Want to Write a Great RFP? — Don’t Forget About Data!

Want to Write a Great RFP? — Don’t Forget About Data!

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Request for Proposals I review a lot of Request for Proposals for system implementations – some well-written, some not. But one of the things I see lacking in most RFP’s is sufficient attention paid to the topic of data.

When data is under-addressed in the RFP, in the subsequent negotiations and/or the project itself — bad things can happen. Even if you are planning a brand new installation without any data to migrate, there still should be a well-articulated strategy for data. Likely, the primary reason you are implementing the software is so that you can get data into and out of that system reliably. Think of software as the plumbing in your house and your data as the water that will flow through that plumbing system. Unless you want to risk the success of the project, you need to make sure you plan in advance for the planning, coordination, and monitoring of those water pressure tests by including the following details in a well-crafted Data Readiness section of your RFP:

  • Data Profiling – If you don’t know the type, variety and quantity of the data you, then you cannot plan well for its handling.  Data profiling is the process of analyzing the available data from systems and reporting on the attributes (fields) characteristics, pattern of values, etc. to produce meaningful statistics useful in planning the project. Data profiling is typically performed by the data transformation team and will be used as input to data requirements gathering and mapping docs.
  • Data Cleansing is typically the responsibility of the business, however, if you know you have some particularly messy data, you might want to make the System Integrator (SI) an “Accountable” resource on the RFP RACI chart for this activity. There will be some discussion during negotiation, but out of that discourse should come an agreement by the vendor to provide some support (and tools) to help you with your data cleansing chores.
  • E-T-L Roles:
    •  Extract – designate who will be responsible for extracting the data from the source systems. Many times this is done by the business systems team, however, to get the best outcome for your data migration, it is best practice to have an experienced Data Migration team extract from your data sources at the direction of the legacy business team.
    • Transformation – you definitely want either your System Integrator or, better yet, an experienced data migration team to determine and perform the data transformation (or conversion) of the records. The major reason to use a separate data team is Segregation of Duties. When one team (such as the system integrator) controls both the data transformation and the system configuration there is a temptation to downplay issues with the intention (or hope) of fixing them later. Data gets loaded, but no second party has good visibility into the actual processes used. Regardless of who performs it, the transformation methods to be used should be documented in the Data Approach document and the details of each object and each field should be specified in the Data Mapping documents. In some cases, the legacy system team can do the transformation for some objects, but this is only advisable if this is a highly technical team.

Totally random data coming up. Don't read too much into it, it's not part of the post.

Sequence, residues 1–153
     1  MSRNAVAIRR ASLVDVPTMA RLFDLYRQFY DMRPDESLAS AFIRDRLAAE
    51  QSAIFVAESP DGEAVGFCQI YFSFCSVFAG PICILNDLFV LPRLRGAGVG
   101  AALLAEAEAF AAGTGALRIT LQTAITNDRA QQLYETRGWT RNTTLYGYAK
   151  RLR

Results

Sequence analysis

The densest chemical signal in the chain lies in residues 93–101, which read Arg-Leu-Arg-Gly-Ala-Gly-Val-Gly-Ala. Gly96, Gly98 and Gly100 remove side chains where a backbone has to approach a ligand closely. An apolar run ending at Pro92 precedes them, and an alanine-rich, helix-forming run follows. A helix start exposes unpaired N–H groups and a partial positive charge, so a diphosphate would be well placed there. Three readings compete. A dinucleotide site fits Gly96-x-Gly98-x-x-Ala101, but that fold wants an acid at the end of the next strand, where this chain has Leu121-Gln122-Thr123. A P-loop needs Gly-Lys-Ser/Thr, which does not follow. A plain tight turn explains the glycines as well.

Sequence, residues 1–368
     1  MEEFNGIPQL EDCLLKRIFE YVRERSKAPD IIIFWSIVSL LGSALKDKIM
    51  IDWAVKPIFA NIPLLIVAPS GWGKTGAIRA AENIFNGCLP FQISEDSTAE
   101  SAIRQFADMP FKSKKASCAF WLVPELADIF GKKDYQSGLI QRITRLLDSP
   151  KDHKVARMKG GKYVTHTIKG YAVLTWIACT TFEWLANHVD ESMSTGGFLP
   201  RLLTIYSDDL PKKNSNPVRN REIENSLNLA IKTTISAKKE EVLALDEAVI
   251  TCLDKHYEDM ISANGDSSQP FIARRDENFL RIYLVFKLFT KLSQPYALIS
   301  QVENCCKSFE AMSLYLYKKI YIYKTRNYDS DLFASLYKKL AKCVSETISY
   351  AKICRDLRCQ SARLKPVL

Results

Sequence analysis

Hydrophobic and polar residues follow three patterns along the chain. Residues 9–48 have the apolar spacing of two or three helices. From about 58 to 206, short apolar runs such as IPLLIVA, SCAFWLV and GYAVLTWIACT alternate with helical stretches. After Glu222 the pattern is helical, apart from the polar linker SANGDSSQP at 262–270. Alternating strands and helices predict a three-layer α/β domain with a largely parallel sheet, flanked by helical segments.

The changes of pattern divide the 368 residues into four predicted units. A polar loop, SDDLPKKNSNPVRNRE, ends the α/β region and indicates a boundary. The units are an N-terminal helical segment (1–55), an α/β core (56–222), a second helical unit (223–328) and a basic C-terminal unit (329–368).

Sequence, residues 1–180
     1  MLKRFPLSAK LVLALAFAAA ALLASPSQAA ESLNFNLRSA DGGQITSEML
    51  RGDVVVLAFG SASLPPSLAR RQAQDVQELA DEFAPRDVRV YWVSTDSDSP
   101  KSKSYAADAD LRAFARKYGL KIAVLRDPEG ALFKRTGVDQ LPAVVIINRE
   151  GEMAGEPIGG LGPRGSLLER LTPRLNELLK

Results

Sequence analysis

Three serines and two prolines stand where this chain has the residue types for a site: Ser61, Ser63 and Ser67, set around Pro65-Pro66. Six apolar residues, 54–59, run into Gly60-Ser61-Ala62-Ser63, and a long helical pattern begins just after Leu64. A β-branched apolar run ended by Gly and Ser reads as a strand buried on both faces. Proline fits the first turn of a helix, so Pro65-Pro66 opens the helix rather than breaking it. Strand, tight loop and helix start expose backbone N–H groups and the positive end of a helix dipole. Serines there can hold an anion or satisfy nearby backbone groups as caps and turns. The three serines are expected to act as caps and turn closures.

• Load – Often times this is the responsibility of the system integration team who is configuring the new target system.
    • Mock Loads & Data Validation – make sure to spell out the number of times your team will attempt to load the data. Stating this in an RFP will lay the foundation for the expectation for high data quality. The number of mocks (2-4+) can vary based on the size of the project and the number of test cycles planned. Be sure to include the language to state that Data Validation will be performed by the business, but must be accommodated in the project schedule.
    • Data Readiness Metrics – the compilation and publication of these metrics for the project team should be the responsibility of one person associated with the data loads. Data Validation metrics should be included in those metrics.

Making your Data Readiness Strategy a well-constructed pillar of the project from the very beginning in the RFP will help you build that comfort you need for when you turn on that system at Go Live!          

To learn more about how to plan an effective Data Readiness Strategy that you can build into your RFP or project, attend my session at the Managing Your SAP Projects 2017, Avoiding data danger: How to mitigate data risk during your next project.

Daryl CrockettDaryl Crockett, ValidDatum
CEO of ValidDatum, a women-owned small business focused on helping commercial and government clients with data-centric project management and services. A recognized leader in data validation, and data migration, integration and governance, Daryl has a background as a highly innovative international consultant & C-level executive with a wide variety of industry and implementation experience including oil & gas, life sciences, software, government, media, financial services, and manufacturing. Certified ISO 8000 Master Data Quality Manager (ISO 8000 MDQM), ISO 22745 Master Data Validation Committee Chair (2015), ECCMA Board of Directors, Member IAIDQ.org, Lean Six Sigma (Purdue), Member US Women’s Chamber of Commerce (Washington, DC), SBA Certified EDWOSB, WBE (WBENC) Woman Business Enterprise certified, WBE (MA), DBE (MA). Daryl is also co-inventor of AMIGO™ Software , a patent-pending implementation & information governance software, designed specifically for highly regulated industries.

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